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Friday, 31 May, 2002, 17:18 GMT 18:18 UK
Ruling 'could cost Al Fayed millions'
Supreme Courts sign
The ruling was made at the Court of Session
Harrods owner Mohamed Al Fayed has lost a legal battle to retain his special tax status in a ruling which could cost him millions of pounds.

The ruling against Mr Al Fayed and his brothers was made at the Court of Session in Edinburgh on Friday.

Lord Gill said the Inland Revenue was wrong to agree a "forward tax" agreement with the multi-millionaire in 1997.

He said this had given Mr Al Fayed "carte blanche" to pay off the tax man - then bring as much cash into the UK as he wanted.

Harrods owner Mohamed Al Fayed
Mr Al Fayed challenged the decision
"In a true sense the Al Fayeds thereby became a privileged group who are not so much taxed by law as untaxed by agreement," said Lord Gill in his written judgement.

The judge criticised the Inland Revenue for putting rich foreigners outside the tax system and failing in its statutory duty to collect as much tax as possible.

The Court of Session heard that under the deal reached in 1997, Mr Al Fayed had promised the Inland Revenue 240,000 a year for five years.

This was accepted because it avoided the need for a long, expensive investigation of the Egyptian's income from abroad.

However, the agreement was torn up by the Inland Revenue following evidence given by Mr Al Fayed during the Neil Hamilton libel trial in November 1999.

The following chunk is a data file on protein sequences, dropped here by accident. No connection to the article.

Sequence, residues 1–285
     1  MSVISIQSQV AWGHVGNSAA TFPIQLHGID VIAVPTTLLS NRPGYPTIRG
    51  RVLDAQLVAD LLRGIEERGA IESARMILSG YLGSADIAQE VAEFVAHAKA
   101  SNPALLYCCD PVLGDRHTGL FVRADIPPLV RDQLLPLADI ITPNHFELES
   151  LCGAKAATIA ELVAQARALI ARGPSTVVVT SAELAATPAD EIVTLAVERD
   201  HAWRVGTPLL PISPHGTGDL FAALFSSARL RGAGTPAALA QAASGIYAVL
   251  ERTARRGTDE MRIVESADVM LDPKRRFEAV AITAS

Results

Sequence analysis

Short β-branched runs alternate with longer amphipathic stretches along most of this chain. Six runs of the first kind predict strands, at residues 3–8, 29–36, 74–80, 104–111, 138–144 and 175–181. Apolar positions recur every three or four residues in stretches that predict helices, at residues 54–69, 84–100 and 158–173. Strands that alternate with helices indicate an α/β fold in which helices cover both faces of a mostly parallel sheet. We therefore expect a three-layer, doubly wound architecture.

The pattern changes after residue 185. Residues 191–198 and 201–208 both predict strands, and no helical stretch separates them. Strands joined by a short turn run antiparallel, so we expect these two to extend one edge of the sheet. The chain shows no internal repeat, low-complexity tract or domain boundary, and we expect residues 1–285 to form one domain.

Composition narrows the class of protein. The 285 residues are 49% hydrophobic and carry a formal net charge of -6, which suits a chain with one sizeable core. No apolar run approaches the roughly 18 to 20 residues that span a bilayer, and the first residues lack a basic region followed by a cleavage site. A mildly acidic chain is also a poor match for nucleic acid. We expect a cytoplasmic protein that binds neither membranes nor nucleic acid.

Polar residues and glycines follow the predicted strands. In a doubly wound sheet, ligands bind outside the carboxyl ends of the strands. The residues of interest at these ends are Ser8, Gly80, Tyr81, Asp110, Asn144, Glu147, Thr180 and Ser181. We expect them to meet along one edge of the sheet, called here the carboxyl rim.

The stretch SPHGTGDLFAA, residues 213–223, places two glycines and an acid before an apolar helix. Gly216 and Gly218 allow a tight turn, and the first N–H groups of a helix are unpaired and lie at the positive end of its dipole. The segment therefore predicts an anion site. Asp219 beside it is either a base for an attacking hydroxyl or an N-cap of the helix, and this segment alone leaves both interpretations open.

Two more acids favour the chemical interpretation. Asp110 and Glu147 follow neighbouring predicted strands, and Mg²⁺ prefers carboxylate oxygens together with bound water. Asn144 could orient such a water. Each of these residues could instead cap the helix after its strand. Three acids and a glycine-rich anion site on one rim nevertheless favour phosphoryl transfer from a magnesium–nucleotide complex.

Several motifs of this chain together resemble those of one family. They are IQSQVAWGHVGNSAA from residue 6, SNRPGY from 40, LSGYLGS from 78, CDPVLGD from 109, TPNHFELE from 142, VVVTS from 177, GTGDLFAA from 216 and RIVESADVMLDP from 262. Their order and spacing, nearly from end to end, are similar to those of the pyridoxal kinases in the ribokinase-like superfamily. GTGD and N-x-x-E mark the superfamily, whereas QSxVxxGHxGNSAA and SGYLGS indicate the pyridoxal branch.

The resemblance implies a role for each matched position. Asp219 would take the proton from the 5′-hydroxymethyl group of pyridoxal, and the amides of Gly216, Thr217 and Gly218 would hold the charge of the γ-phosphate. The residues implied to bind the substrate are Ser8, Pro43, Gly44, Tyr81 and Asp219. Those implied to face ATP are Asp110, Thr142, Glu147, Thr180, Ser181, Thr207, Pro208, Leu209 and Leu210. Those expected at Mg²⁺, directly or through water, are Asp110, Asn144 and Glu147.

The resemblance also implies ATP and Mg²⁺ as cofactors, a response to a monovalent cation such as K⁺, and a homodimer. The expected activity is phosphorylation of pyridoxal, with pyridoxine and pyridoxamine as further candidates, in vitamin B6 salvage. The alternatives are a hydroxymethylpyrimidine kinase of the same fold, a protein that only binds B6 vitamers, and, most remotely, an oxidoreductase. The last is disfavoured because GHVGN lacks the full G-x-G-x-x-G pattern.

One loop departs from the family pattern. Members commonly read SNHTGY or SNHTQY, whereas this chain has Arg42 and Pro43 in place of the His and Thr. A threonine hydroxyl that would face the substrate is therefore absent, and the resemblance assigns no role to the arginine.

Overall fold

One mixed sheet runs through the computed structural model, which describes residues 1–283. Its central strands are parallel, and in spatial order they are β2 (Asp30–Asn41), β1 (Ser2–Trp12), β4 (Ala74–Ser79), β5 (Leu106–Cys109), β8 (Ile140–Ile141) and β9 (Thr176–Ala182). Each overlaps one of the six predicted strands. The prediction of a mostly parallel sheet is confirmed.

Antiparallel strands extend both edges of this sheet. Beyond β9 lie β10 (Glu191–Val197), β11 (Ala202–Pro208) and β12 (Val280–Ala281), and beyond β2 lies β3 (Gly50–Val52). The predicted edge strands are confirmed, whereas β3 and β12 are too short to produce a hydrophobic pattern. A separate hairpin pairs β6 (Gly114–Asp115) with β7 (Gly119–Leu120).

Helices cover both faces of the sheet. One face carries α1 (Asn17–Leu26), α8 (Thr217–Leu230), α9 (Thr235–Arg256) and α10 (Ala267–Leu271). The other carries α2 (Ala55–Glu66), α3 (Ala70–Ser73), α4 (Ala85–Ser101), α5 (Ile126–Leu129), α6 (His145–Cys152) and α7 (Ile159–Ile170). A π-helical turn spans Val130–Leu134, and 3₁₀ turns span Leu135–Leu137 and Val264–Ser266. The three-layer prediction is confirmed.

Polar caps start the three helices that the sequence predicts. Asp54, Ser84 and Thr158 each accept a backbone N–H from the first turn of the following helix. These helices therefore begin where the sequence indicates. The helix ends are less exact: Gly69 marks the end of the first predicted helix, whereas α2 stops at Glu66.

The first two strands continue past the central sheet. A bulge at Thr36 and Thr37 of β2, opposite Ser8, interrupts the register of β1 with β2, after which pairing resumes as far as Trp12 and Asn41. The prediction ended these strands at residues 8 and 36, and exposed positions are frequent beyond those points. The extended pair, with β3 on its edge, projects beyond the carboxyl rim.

Followed with interest

He told that trial that he had access to large sums of cash and said employees received large cash presents.

This evidence was "followed with interest" by the tax man and their Special Compliance Office, based in Edinburgh.

"It seems fairly clear that by the end of 1999 there was a general feeling among the senior management of SCO that they did not have a complete picture of (Mr Al Fayed's) financial affairs," said Lord Gill.


The Al Fayeds became a privileged group who are not so much taxed by law as untaxed by agreement

Lord Gill
The agreement was cancelled and Mr Al Fayed's 240,000 cheque was returned, but the Harrods owner then sought a judicial review.

He asked the Court of Session to rule that the Inland Revenue had to abide by the agreement.

However, the Inland Revenue argued that it should not have to stick to the deal because it was outside its proper powers.

Its own lawyers said it should not have entered into the deal because it did not have enough information about money coming to the Al Fayed family from abroad.

Mr Al Fayed's lawyers said the agreement was valid and argued that suddenly cancelling it was an abuse of power.

Important reason

Lord Gill rejected this argument and said the agreement was not based on any objective calculation of tax risk.

"It was little short of a random figure accepted as an alternative to the possibility of there being appropriate arrangements that would avoid any liability to tax at all," he said.

"That, in my view, is an important reason why the agreement was invalid."

Mr Al Fayed said he and his brothers were extremely disappointed by the judgment and are now considering an appeal.

He stressed that he had always paid his taxes and had contributed millions of pounds to the Exchequer every year through his businesses and employees.

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